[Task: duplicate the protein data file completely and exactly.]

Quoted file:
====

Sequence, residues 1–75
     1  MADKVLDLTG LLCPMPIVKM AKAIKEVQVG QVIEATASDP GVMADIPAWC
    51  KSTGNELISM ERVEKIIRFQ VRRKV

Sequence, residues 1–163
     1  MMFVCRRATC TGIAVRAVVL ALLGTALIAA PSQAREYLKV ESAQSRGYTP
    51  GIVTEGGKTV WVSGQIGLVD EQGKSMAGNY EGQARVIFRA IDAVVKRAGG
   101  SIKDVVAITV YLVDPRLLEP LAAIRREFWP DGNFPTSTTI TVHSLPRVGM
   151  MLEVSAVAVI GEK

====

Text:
Sequence, residues 1–75
     1  MADKVLDLTG LLCPMPIVKM AKAIKEVQVG QVIEATASDP GVMADIPAWC
    51  KSTGNELISM ERVEKIIRFQ VRRKV

Sequence, residues 1–163
     1  MMFVCRRATC TGIAVRAVVL ALLGTALIAA PSQAREYLKV ESAQSRGYTP
    51  GIVTEGGKTV WVSGQIGLVD EQGKSMAGNY EGQARVIFRA IDAVVKRAGG
   101  SIKDVVAITV YLVDPRLLEP LAAIRREFWP DGNFPTSTTI TVHSLPRVGM
   151  MLEVSAVAVI GEK